While in the past it was possible at least for some totally self-made people to overcome the odds and develop important, marketable skills on their own, nowadays, with the explosion of new, ever more complex knowledge, encompassing almost any field and sector, lack of real, substantive education really amounts to the de facto exclusion from all but the most menial employment opportunities.
Education creates options that define the content of Opportunity
As things are set up, it is clear that a poor family has very few options beyond accepting the kind of schools that are offered to their children by public institutions. And if the schools are lousy, the children will have an awful start that will create a huge disadvantage. A disadvantage so deep that it may end up, rare exceptions notwithstanding, haunting the person for life. If you have little schooling and whatever schooling you get is inadequate, if you get a meaningless high school diploma, despite being functionally illiterate, what are your chances in life? What do you do with your Freedom? Preciously little; because freedom without Opportunity is hollow.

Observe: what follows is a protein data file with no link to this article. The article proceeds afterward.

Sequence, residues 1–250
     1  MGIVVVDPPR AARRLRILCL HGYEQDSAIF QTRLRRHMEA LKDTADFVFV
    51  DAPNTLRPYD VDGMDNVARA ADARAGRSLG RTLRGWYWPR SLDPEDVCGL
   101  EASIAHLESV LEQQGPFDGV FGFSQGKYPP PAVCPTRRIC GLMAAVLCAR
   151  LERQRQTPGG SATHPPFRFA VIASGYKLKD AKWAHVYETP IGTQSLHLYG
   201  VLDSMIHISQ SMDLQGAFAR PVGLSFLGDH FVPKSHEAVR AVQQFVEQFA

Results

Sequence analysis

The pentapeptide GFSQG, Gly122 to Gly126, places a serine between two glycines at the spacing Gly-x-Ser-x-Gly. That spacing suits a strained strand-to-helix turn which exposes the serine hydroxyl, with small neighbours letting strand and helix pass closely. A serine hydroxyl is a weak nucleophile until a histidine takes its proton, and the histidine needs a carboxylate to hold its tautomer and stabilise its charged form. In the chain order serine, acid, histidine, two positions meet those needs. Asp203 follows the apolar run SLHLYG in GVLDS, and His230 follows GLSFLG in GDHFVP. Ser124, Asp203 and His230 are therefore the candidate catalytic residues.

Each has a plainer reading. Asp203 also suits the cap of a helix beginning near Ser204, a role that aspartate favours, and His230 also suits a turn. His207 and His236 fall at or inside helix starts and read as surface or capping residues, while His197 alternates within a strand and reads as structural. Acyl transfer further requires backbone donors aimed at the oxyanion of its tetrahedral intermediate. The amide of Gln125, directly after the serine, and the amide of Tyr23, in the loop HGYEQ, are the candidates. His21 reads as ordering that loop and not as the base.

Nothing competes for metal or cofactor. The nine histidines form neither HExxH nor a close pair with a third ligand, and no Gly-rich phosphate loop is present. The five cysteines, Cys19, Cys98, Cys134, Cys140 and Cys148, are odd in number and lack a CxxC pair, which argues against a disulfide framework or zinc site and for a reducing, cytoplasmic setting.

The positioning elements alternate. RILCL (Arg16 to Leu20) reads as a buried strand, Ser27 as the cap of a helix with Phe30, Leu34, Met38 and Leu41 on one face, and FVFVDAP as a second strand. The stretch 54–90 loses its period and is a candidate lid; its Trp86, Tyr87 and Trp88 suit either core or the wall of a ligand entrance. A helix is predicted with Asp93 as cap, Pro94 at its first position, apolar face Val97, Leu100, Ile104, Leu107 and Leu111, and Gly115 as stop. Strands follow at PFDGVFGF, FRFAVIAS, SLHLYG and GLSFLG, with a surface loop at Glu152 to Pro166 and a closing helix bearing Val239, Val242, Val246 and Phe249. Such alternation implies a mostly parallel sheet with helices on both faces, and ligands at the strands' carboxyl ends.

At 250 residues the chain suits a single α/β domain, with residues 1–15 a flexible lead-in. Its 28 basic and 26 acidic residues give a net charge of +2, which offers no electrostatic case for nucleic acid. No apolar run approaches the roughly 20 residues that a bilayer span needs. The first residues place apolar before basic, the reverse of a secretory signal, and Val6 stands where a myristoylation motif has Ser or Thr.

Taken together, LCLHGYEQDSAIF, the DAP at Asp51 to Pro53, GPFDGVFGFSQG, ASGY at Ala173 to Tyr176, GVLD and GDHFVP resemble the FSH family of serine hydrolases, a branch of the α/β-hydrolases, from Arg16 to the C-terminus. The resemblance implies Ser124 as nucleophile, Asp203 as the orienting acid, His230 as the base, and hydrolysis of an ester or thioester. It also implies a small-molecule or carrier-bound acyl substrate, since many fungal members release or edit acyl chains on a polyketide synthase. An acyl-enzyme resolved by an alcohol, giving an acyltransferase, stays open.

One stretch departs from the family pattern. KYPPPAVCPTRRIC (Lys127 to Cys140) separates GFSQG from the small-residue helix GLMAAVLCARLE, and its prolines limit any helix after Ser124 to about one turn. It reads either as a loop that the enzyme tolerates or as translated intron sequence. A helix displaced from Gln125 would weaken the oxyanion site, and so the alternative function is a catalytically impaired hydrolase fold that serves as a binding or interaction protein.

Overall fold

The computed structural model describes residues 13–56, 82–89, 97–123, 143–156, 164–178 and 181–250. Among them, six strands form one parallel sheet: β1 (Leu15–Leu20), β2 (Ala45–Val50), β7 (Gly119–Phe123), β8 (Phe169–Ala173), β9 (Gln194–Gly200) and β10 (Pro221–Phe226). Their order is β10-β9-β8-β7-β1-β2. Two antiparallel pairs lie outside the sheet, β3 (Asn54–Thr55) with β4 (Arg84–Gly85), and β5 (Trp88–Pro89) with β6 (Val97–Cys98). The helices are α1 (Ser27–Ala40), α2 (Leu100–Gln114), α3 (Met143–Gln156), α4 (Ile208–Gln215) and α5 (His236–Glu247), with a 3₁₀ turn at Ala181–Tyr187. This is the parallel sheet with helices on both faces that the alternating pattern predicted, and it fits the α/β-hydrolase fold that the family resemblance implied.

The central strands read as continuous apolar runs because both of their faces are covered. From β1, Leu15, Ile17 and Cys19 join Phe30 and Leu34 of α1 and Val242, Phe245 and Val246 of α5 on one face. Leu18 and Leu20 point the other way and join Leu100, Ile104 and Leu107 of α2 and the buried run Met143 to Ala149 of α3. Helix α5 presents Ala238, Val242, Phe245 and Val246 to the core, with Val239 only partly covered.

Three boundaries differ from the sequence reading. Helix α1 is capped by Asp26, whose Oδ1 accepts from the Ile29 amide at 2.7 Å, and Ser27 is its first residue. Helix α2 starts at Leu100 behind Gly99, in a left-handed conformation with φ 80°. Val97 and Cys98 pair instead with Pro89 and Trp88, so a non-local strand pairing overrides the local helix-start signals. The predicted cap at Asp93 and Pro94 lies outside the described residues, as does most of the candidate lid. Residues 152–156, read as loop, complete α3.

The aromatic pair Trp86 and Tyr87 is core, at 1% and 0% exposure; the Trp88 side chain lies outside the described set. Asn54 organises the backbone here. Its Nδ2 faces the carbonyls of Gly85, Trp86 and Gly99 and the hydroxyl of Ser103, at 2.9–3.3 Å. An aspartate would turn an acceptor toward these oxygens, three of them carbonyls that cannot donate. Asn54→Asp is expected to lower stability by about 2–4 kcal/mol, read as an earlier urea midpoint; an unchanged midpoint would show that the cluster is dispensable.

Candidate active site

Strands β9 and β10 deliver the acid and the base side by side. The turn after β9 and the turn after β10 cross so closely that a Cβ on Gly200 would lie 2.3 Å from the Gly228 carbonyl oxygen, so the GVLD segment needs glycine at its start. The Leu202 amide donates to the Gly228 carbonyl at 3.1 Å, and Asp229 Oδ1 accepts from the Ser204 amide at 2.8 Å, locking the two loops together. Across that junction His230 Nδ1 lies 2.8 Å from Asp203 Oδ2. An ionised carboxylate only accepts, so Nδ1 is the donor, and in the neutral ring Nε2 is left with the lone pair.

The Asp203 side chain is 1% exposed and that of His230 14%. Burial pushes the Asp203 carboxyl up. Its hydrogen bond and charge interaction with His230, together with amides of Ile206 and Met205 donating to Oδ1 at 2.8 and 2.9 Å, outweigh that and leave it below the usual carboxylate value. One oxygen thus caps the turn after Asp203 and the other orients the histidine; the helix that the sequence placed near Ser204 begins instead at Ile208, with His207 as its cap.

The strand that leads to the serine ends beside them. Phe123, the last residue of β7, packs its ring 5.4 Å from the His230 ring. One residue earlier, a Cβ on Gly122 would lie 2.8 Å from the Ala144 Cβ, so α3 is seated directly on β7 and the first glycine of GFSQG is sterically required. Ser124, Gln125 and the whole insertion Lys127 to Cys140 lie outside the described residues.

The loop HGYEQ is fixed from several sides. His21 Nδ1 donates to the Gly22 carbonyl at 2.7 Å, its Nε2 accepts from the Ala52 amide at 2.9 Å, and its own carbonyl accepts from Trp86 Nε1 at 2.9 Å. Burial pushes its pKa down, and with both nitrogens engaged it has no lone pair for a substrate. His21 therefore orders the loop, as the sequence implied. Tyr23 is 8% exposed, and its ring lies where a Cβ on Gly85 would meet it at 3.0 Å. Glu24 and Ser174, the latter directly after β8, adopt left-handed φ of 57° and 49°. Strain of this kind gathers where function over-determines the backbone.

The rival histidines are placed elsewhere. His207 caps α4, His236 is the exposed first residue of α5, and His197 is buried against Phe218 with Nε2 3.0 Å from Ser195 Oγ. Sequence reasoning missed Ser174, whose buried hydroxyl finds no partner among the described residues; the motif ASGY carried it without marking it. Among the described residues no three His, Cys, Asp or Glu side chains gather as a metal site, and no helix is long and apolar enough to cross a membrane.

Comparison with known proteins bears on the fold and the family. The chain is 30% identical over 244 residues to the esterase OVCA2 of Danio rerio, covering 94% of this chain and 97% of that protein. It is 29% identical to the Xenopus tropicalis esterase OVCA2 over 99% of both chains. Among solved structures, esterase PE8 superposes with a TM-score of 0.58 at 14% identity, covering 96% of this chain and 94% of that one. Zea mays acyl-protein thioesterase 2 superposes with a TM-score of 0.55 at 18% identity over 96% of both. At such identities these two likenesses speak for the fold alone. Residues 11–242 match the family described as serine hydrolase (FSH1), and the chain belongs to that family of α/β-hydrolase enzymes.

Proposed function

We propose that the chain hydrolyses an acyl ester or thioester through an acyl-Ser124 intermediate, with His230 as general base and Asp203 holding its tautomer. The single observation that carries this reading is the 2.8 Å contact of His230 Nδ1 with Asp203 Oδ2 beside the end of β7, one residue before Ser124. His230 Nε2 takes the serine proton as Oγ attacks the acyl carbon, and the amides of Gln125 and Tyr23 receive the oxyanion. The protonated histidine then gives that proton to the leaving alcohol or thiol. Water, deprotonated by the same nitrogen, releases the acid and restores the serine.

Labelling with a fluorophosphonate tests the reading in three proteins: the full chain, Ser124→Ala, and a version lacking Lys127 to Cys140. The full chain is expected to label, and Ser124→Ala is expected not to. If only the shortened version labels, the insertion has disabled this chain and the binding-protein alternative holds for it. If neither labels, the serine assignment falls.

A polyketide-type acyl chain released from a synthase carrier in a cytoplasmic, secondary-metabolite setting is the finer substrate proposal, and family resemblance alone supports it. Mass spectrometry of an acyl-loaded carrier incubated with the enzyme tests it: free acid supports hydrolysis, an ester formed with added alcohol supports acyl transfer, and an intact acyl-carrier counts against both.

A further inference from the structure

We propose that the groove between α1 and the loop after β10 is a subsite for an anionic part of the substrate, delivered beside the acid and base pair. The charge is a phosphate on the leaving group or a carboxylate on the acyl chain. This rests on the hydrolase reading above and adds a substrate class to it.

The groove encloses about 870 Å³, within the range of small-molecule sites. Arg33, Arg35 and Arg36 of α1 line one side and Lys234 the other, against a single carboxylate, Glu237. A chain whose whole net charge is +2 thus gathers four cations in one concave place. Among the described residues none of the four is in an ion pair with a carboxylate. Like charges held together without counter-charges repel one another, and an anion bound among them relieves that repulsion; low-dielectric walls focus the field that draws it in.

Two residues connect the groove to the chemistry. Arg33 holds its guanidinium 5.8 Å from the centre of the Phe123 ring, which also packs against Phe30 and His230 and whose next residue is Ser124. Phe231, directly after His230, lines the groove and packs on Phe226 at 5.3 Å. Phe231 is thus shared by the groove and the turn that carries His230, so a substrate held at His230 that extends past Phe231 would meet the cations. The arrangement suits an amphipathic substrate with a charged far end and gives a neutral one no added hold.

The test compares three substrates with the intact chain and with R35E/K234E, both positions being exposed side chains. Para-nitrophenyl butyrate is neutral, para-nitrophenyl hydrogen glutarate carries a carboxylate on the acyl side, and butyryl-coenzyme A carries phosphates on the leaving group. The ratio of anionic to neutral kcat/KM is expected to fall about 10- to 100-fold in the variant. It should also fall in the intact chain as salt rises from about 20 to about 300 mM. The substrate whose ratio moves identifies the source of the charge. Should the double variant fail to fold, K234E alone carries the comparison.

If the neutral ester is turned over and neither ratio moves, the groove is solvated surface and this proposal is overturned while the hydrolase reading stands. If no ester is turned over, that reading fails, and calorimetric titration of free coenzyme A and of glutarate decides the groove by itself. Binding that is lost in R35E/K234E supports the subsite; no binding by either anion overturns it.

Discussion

Remedial actions do not provide real solutions
Now, this does not justify, in my mind, resorting to mere ex post facto remedial action via social engineering and redistributive public policies favoring the poor. Giving more “stuff” to the excluded and the disadvantaged is a relief operation, just like helping the victims of a natural disaster. But it cannot be the only or main policy. What the disadvantaged really need is not more subsidies; but intellectual empowerment. And this will come only through the expansion of their own intellect, so that they will have the tools to join –with confidence– the race, and do their best in a complicated and highly competitive environment that rewards superior skills, while it ignores the plight of those not sufficiently well equipped to participate.
Education was on the President’s agenda